By Lindsay Czechowski
The memoir The Woman Warrior by Maxine Hong Kingston is a collection of stories about the author’s life growing up. The important things in her life were the “talk stories” her mother, Brave Orchid, told her growing up to “warn us[her] about life” (Kingston, 5). Progressing through the book Kingston begins to write more and more about these ghosts that constantly haunt her and her family. Ghosts typically represent people of the past that have died. In ancient China “ghosts were taken very seriously”because they were seen as beings that did harm to the living (Mark). Brave Orchid’s life was surrounded by ghosts. Kingston recognizes her not as “crazy” but as a “capable exorcist” because she was strong enough to fight off the ghosts (Kingston, 92). Because of Kingston’s mother, ghosts are a large part of Kingston’s girlhood even in America.
In the chapter Shaman, Kingston switches point of views between herself and her mother. Brave Orchid grew up in China and is the reason for Kingston’s thoughts and stories in this book. In the perspective of herself, Kingston refers to regular people as ghosts. This is interesting because the “talk stories” from Brave Orchid contained harmful ghosts that haunted her throughout life in China. Those stories differ from the thoughts Kingston creates about ghosts in her life. She replaces people with ghosts. She writes about being “regularly visited by the Mail Ghost, Meter Reader Ghost, Garbage Ghost,” all people in normal everyday life (Kingston, 98). These ghosts are not harmful to anyone yet Kingston continues to write about them as if they are, in turn copying her mother’s stories. It is said that ” in ancient China, they were reality whether one believed in them or laughed them off”(Mark). These stories are very real to the Chinese. Tales of certain deaths such as “the drowned one,” or Kingston’s aunt that killed herself and her baby, can haunt and “waits silently by the water to pull down a substitute” (Kingston, 16). The contrast between this mother and daughter duo is the severity of these ghosts within their culture. Kingston lives as a Chinese American not surrounded by the ancient Chinese beliefs causes her to make up stories like her mother’s. This behavior attributes to why the reading is confusing to the reader. Kingston writes about what she remembers from her childhood trying to explain these happenings as if she knows everything about them, however in reality she knows very little. This leaves the reader with little knowledge of what her stories’ purposes were.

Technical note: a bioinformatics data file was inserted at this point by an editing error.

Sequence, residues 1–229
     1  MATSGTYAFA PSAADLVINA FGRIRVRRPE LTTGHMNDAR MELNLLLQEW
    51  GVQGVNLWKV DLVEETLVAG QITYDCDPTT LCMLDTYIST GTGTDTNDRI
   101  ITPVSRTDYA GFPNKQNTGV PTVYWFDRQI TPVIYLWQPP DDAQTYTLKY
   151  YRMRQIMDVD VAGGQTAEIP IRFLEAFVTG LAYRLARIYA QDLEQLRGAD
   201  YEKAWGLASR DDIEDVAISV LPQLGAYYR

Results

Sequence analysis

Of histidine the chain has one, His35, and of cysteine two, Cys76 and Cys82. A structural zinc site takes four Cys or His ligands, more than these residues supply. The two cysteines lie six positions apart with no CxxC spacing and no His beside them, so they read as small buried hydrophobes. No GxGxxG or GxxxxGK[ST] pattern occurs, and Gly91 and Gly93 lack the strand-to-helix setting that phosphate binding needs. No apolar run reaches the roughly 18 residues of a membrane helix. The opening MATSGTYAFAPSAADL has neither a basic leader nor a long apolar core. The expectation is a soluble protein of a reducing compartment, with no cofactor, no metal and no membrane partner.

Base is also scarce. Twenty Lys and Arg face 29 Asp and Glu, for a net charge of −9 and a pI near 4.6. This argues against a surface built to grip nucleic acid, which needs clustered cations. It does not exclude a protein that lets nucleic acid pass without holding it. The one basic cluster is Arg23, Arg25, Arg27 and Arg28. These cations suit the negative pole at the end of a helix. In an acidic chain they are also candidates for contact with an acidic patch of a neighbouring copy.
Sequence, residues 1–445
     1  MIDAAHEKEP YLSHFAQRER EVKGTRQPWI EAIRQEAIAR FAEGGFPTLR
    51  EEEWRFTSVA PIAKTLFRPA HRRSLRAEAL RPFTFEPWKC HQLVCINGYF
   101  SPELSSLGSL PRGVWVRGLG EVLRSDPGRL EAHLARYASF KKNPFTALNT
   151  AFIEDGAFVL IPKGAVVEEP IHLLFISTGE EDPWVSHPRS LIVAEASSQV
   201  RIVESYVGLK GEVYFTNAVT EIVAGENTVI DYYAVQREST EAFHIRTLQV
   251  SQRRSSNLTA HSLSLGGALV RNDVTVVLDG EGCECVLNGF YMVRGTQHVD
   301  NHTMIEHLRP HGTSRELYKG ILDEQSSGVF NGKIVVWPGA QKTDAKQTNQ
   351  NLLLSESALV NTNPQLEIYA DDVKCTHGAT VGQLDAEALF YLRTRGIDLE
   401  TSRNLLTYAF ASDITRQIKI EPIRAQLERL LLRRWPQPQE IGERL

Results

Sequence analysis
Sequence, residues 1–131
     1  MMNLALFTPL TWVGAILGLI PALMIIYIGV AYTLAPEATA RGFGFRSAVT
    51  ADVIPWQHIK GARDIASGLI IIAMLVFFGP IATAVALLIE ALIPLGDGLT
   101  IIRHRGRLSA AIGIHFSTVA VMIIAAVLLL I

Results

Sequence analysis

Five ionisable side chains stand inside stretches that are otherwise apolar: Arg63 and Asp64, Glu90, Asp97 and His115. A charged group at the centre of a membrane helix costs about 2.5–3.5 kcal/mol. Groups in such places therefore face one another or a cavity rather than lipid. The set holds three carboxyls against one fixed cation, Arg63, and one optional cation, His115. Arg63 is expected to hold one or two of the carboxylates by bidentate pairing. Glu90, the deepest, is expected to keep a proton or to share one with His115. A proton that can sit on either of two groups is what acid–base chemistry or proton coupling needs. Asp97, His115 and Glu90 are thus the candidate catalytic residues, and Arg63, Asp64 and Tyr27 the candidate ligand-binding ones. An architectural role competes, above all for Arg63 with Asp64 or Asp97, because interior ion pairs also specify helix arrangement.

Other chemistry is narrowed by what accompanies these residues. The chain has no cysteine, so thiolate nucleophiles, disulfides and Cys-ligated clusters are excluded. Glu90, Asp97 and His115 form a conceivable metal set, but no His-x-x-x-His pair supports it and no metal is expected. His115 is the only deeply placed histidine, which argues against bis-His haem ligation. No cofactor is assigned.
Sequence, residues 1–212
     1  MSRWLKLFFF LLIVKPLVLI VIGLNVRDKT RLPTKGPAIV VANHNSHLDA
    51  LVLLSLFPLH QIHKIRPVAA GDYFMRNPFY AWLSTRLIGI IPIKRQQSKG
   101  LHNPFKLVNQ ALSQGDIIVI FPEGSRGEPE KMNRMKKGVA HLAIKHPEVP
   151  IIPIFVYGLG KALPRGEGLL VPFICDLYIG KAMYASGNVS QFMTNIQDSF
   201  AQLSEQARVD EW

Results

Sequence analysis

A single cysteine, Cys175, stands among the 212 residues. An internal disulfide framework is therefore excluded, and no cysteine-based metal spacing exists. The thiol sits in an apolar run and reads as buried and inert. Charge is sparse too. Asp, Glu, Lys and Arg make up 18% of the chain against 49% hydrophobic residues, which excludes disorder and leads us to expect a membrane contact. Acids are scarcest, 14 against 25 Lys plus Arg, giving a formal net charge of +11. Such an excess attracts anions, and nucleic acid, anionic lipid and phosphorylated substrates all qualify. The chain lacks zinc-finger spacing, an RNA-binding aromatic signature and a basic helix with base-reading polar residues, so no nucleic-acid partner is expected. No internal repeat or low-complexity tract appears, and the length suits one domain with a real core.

These stories emphasize hidden thoughts of Brave Orchid. For example, while explaining a story about the garbage man that Kingston refers to as “Garbage Ghosts,” Brave Orchid refers to him as “the White Ghost” (Kingston, 98). Brave Orchid says, ” Now we know”and continues,” the White Ghosts can hear Chinese” (Kingston, 98). Why does she include that in the story? Does Brave Orchid have something against Americans? This contributes to why Kingston never feels like enough. In the chapter White Tigers Kingston says,”My American life has been such a disappointment” (Kingston, 45). Why did Kingston refer to her life as her “American life”? America was not what Brave Orchid was used to nor did she have her family there with her. Chinese traditions are up to her to continue on to Kingston. However, these stories make Kingston seem less than acceptable to Brave Orchid only because she is not fully Chinese. Although she married an American man she has unhappy feelings on white Americans, specifically, even compared to black Americans.
The ghosts are significant in Chinese culture and to Brave Orchid. These “talk stories” reveal a side to Brave Orchid and her actions towards Kingston. These are important to recognize because these stories about ghosts slowly begin to unravel the truth about Kingston’s life and stories as a female, Chinese American.
- What was the purpose of including “White” and “Black Ghosts”?
- Why does Kingston call machines and people “ghosts” growing up in her stories?
Kingston, Maxine H. The Woman Warrior: Memoirs of a Childhood among Ghosts. Vintage, 1989.
Mark, Emily. “Ghosts in Ancient China.” Ancient History Encyclopedia, Ancient History Encyclopedia, 29 Sept. 2019, www.ancient.eu/article/892/ghosts-in-ancient-china/.